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Accuracy of baseline prevalence estimates for sample size calculations in obstetrical randomized controlled trials

Published:February 01, 2022DOI:https://doi.org/10.1016/j.ajog.2022.01.032

      Objective

      A sample size calculation is often based on disease prevalence and is a key component in planning and conducting randomized controlled trials (RCTs).
      • Biau D.J.
      • Kernéis S.
      • Porcher R.
      Statistics in brief: the importance of sample size in the planning and interpretation of medical research.
      Overestimation of disease prevalence in the planning phase of an RCT may make it more feasible because of fewer participants needed for enrollment. However, it may lead to increased risks of type II error and a trial that is not completed or noninformative.
      • Moher D.
      • Dulberg C.S.
      • Wells G.A.
      Statistical power, sample size, and their reporting in randomized controlled trials.
      When factoring in the financial costs of conducting trials and the time commitments and risks undertaken by participants, studies with erroneous sample size calculations may lack clinical usefulness and be considered unethical.
      • Bacchetti P.
      • Wolf L.E.
      • Segal M.R.
      • McCulloch C.E.
      Ethics and sample size.
      ,
      • Speich B.
      • von Niederhäusern B.
      • Schur N.
      • et al.
      Systematic review on costs and resource use of randomized clinical trials shows a lack of transparent and comprehensive data.
      This study aimed to ascertain whether the estimated prevalence of the outcome used for sample size calculations is similar to the actual reported prevalence (frequency of primary outcome in the placebo arm). We hypothesized that the estimated prevalence of the primary outcome differs by >10% of what is reported at the completion of the trial in most obstetrical RCTs.

      Study Design

      During a 4-year period (January 2017 to December 2020), we manually identified and abstracted all obstetrical RCTs published in 6 journals (New England Journal of Medicine, Journal of American Medical Association, Lancet, American Journal of Obstetrics & Gynecology, British Journal of Obstetrics and Gynaecology, and Obstetrics & Gynecology). For each trial, we identified the estimated rate of the primary outcome (disease prevalence) used for sample size calculation and compared it to what was found at the completion of the RCT. If the prevalence of the primary outcome in the trial was at least 10% different, then the assumed rate during the study design of the trial was considered to have an inaccurate assessment of prevalence. Chi-square was used for all categorical variables, and P<.05 was considered significant.

      Results

      Of 240 identified obstetrical RCTs, 116 were included in the analysis. The most common reasons for trial exclusion were noninferiority trial design and a primary outcome that did not include disease prevalence (eg, time). Of note, 24 (20.7%) of 64 (55.2%) trials had a primary outcome rate that was within 10% of the actual prevalence, and 92 (80.3%) trials had an inaccurate assessment of the prevalence of disease (Table) . There was no difference in the number of individuals approached and recruited between groups. Trials with an accurate assessment of prevalence were no more likely than trials with an inaccurate assessment to rely on published references vs institutional data. Trials with an accurate baseline rate were not more likely to anticipate a change in the baseline rate of >30% for sample size and power calculations. Of the 48 trials that overestimated the prevalence of the disease by >10% and thus increased the risk of a type II error, 7 (14.6%) were positive. Moreover, 44 trials underestimated the disease prevalence by at least 10%. Of these, 16 trials (36.4%) were positive.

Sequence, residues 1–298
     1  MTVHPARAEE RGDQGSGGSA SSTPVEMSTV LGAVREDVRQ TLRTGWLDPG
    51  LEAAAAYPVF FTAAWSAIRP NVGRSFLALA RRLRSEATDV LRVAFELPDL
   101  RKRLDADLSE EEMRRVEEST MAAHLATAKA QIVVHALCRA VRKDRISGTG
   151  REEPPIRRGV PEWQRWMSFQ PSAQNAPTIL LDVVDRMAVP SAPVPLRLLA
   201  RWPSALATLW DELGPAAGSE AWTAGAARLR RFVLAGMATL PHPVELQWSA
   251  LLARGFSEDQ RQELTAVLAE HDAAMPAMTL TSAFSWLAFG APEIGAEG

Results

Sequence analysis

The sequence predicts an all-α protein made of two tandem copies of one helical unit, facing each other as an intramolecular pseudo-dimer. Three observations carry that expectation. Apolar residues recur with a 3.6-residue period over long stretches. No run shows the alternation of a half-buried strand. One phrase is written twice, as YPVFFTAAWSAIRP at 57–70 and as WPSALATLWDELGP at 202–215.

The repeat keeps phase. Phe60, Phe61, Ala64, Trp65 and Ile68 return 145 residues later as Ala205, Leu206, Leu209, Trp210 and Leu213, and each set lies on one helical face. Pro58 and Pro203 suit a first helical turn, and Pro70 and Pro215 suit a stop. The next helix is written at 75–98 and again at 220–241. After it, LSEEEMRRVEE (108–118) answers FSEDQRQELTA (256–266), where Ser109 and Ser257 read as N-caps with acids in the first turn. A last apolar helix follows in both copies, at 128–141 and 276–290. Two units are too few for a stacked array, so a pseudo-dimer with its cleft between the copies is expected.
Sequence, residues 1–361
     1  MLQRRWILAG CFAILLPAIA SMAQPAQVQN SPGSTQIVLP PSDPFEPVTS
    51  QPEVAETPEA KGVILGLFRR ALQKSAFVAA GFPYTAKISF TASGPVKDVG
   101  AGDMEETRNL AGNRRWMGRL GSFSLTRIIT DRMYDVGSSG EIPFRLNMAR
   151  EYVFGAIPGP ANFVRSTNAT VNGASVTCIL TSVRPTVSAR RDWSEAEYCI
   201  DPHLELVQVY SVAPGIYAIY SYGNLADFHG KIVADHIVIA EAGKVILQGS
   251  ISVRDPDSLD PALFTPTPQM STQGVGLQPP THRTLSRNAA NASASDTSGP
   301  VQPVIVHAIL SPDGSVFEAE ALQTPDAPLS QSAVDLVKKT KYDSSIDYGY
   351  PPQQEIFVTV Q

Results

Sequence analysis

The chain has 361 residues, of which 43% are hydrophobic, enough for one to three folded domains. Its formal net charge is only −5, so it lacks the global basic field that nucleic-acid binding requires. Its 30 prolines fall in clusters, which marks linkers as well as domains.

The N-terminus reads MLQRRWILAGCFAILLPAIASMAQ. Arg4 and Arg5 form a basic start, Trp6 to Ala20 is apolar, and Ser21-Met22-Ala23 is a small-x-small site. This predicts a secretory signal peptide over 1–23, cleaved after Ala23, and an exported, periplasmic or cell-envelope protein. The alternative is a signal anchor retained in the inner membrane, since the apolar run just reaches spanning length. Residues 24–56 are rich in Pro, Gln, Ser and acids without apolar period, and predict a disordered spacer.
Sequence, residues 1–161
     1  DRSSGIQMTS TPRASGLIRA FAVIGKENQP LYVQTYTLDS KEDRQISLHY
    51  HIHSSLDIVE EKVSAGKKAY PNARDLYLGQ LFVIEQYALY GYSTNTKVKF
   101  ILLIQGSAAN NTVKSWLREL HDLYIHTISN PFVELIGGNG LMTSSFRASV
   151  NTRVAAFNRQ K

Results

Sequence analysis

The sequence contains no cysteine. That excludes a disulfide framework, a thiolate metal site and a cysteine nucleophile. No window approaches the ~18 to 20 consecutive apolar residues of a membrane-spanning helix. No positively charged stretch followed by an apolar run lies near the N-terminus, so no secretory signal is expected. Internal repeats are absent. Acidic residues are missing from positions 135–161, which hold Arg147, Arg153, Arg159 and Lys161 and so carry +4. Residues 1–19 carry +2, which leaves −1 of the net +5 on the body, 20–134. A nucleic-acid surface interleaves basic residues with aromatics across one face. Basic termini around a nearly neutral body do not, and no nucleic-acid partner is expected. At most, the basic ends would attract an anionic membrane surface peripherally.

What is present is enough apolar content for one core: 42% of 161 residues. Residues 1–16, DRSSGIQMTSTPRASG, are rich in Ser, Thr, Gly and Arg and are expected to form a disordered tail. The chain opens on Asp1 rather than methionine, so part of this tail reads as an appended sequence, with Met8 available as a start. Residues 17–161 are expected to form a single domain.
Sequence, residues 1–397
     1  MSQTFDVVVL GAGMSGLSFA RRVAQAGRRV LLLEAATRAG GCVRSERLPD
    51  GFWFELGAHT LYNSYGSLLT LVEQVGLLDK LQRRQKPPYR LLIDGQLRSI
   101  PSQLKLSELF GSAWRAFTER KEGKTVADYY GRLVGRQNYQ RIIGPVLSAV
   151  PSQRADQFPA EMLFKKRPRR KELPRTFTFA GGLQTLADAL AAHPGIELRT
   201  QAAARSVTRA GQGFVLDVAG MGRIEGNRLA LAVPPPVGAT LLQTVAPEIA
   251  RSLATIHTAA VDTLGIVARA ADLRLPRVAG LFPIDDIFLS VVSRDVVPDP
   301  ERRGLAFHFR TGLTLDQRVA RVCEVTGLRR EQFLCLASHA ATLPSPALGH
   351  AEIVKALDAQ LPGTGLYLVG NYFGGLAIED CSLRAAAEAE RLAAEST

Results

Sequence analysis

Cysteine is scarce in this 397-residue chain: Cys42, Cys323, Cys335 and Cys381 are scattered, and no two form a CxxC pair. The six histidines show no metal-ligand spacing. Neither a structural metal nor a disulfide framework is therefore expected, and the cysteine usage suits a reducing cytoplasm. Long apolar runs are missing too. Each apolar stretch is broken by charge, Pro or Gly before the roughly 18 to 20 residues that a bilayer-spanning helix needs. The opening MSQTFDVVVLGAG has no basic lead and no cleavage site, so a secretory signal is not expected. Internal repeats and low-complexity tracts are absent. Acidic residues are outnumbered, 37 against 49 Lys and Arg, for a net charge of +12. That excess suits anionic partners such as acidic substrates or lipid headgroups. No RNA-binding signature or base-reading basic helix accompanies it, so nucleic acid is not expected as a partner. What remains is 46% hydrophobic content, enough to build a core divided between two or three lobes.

TableCharacteristics of randomized controlled trials based on accuracy of estimation of baseline primary outcome rates
      CharacteristicSample size had accurate assessment of prevalence of disease (n=24)Sample size had inaccurate assessment of prevalence of disease (n=92)P value
      Journals
       NEJM, JAMA, and Lancet8 (33.3)34 (37.0).74
       AJOG, Obstet Gynecol, and BJOG16 (66.7)58 (63.0)
      Centers
       Single8 (33.3)36 (36.6).58
       Multiple16 (66.7)55 (60.4)
      Country
       United States alone8 (33.3)24 (26.1).74
       United States and other countries1 (4.2)3 (3.3)
       Other countries15 (62.5)65 (70.6)
      Baseline rate derivative
       Reference13 (54.2)61 (67.8).45
       Institutional rate5 (20.8)12 (13.3)
       No reference6 (25.0)17 (18.9)
      Presumed change in baseline rate
       <30%8 (40.0)22 (27.5).28
       >30%12 (60.0)58 (72.5)
      Power
       80%–89%16 (69.6)68 (73.9).67
       90%–99%7 (30.4)24 (26.1)
      Sample needed440 (200–1300)540 (242–1600).43
      Expected lost to follow-up5% (0%–10%)5% (0%–10%).64
      Individuals approached for trial
       Ineligible286.5 (151.0–1095.0)345.5 (45.0–1769.5).94
       Declined participation148.0 (37.5–823.5)103.5 (22.0–481.0).52
       Lost to follow-up6 (0–14)0 (0–15).30
      Data are presented as number (percentage) or median (interquartile range), unless otherwise indicated.
      AJOG, American Journal of Obstetrics & Gynecology; BJOG, British Journal of Obstetrics and Gynaecology; JAMA, Journal of American Medical Association; NEJM, New England Journal of Medicine; Obstet Gynecol, Obstetrics & Gynecology.
      Ditter. Sample size calculations in obstetrics. Am J Obstet Gynecol 2022.

      Conclusion

      Approximately 80% of obstetrical RCTs have an inaccurate assessment of the prevalence of the primary outcome when calculating sample size for the trial. Further research to elucidate methods of improving disease estimates is warranted.

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